By Mark Huffman
— During the housing boom, investors -- amateurs and professionals -- engaged in house "flipping" for fun and profit. They would buy or build a house and almost immediately sell it. A lot of money was made that way.
It wasn't that hard to do because it was easy to get a loan and home prices kept going up. But the housing market crash of 2008 brought an end to flipping -- or did it?
The A&E cable TV program "Flip This House," which follows investors and contractors as they buy, renovate and sell homes, is as popular as ever. And though there isn't as much flipping going on as there was a few years ago, the practice is making a strong comeback. According to real estate portal RealtyPin.com, the number of flips rose 25% nationwide in the first six months of 2012, compared to the same period of 2011.
How can that be?
Days of easy money
"Before the bubble burst, flipping was something that you saw going on all over the country," said James Paffrath, RealtyPin.com's CEO. "After all, it was easy to get financing, so no matter how high purchase prices were, it didn’t matter. Investors could qualify for a loan, buy what they wanted with very little cash down, make some upgrades, then turn around and sell for a much higher price. They didn’t need a ton of cash on hand to make it work."
Maybe, but home prices were escalating rapidly back then. Today, not so much. How are flippers making money in this environment? It turns out they're doing it a little differently.
For one thing, they aren't borrowing the money. They're paying cash. The monthly existing home sales reports from the National Association of Realtors (NAR) show that cash sales consistently make up about 30 percent of the sales each month and it's investors primarily who pay with cash.
Cash is king
"Because it’s so much tougher to qualify for a mortgage than it was during the height of the housing boom, many investors prefer to skip all of the red tape and pay with cash," Paffrath said. "That way, they can make purchases a lot faster than they would if they had to go through the traditional lender process."
There are some disadvantages to paying cash. It ties up all your capital, limiting the number of "flips" you can do. But that might turn out to be an advantage, keeping investors from getting over-extended, which happened a lot during the bubble days.
And even though investors are limited to what they can buy with their own money, the post-crash market has offered up lots of bargains in the form of foreclosures and short-sales, so their are plenty of properties in their price range.
Fine, so investors can buy homes, fix them up and put them back on the market. But we've been in a housing recession for a while. Will anyone buy them? Paffrath says they will but you have to pick your markets.
Rising from the ashes
"Right now, Phoenix seems to be the most popular place for flipping," he said. "At the end of 2012, more than one-quarter of buyers in Phoenix were investors, most of whom were from out of state. Because home values are rising so quickly, flippers don’t even have to make any upgrades to the homes. All they have to do is hold onto the property for a few months and let natural area price increases work their magic."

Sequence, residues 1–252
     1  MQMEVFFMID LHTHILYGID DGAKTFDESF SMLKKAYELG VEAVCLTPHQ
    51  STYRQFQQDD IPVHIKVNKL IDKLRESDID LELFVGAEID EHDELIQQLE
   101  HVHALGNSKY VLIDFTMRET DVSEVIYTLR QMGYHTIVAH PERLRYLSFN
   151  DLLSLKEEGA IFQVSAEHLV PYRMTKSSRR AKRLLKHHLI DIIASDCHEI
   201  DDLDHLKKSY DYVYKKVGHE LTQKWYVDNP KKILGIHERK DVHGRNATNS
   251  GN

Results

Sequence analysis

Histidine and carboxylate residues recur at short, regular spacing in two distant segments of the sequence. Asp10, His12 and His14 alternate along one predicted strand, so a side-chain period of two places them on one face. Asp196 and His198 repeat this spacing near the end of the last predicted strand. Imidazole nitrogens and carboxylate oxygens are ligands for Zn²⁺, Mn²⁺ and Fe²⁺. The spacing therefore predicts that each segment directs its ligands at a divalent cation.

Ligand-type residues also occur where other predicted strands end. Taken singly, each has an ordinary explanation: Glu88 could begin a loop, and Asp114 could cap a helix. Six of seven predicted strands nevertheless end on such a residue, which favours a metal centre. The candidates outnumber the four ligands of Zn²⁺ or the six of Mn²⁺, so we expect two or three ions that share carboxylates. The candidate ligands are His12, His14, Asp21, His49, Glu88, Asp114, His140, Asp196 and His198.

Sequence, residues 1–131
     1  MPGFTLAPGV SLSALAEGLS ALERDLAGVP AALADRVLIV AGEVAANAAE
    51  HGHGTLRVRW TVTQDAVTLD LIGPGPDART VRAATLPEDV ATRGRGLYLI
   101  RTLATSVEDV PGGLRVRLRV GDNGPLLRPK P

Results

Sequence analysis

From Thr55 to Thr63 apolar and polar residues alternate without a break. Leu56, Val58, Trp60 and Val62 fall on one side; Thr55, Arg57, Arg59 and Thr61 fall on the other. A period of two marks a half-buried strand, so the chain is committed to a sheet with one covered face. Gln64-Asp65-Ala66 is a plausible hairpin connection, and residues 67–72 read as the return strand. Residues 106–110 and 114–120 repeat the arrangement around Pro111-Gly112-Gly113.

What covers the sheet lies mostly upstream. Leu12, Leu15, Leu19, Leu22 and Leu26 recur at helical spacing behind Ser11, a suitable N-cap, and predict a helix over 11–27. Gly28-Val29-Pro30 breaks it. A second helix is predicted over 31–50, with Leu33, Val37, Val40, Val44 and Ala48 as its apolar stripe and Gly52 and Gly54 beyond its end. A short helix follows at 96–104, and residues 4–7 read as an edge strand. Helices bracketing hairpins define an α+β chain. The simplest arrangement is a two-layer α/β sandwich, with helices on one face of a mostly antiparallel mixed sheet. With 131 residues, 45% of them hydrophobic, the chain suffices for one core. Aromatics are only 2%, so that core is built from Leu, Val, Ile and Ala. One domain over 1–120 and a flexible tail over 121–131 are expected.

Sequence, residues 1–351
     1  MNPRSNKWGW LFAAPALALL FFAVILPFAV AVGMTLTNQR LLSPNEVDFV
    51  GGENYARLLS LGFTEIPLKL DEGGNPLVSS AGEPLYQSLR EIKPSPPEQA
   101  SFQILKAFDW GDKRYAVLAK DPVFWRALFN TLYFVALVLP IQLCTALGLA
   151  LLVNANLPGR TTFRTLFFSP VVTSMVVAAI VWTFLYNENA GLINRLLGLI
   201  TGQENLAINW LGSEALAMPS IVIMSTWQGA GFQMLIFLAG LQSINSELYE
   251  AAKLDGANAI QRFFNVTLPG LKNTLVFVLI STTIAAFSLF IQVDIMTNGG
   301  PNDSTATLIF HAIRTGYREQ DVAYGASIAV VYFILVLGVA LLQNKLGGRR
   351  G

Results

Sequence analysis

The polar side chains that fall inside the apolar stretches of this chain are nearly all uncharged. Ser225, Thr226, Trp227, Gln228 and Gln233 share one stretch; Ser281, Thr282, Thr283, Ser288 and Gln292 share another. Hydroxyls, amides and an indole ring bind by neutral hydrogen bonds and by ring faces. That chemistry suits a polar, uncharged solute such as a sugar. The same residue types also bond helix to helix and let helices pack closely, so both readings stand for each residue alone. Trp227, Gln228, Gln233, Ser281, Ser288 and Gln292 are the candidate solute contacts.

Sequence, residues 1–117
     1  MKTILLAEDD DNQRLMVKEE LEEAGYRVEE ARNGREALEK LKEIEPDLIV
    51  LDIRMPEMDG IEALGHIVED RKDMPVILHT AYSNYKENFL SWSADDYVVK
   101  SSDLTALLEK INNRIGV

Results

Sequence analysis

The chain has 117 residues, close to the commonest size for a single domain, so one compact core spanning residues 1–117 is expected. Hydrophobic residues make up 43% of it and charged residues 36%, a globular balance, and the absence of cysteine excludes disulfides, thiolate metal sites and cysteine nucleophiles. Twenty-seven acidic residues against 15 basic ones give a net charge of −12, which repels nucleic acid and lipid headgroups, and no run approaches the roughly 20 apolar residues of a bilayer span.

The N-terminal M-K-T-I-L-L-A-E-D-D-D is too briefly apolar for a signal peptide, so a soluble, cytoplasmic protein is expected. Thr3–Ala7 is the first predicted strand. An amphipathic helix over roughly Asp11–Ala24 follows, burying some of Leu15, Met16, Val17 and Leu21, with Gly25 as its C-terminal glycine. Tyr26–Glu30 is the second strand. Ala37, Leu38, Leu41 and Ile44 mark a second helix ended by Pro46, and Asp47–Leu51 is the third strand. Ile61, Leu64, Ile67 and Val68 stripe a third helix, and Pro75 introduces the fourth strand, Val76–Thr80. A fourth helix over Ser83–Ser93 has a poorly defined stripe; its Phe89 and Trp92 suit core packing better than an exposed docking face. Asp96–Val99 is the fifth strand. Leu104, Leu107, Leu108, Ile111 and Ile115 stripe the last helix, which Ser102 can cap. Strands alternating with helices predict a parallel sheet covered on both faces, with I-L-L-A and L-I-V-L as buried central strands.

How much can they make? Paffrath says home values in Phoenix are rising about two percent per month. Put a little sweat equity into giving the place some curb appeal and investors can reap a nice return.
By the same token, Paffrath says there isn't a lot of flipping going on in expensive housing markets like Seattle. The average cost of a home -- even one in foreclosure -- can be more than an investor wants to tie up. After all, they aren't using "other people's money" now but their own.
Another difference with today's flipping is the requirement to add some value. That usually didn't happen in the bubble days because it didn't have to. It was a "sellers market." Things are different now.
With the housing market still on the mend, Paffrath says the only way you're going to make a significant profit on a flipping project is to actually flip the house -- and quickly. That means going in, updating out-of-date appliances, making all of the necessary repairs, both major and minor, and doing an overall renovation to the home. You'll have to spend money. Just don't spend too much.
"If you plan on renovating the home, you run the risk of over-improving – meaning that you improve the home beyond the scope of the rest of neighborhood," Paffrath said. "Buyers aren’t going to spend $200,000 on a house, when the rest of the homes around it are only worth $100,000. So, you have to know exactly what the area around you is worth before you start upgrading anything. Otherwise, you could end up wasting a ton of money."
Flipping could become even more widespread as the housing market continues to recover. Paffrath points out that last last year FHA waived an anti-flipping regulation that would have prevented the agency from insuring homes that were sold within 90 days of being purchases. He thinks they did it to encourage more people to start flipping, which would, theoretically at least, jump-start the housing market.
Story provided by ConsumerAffairs.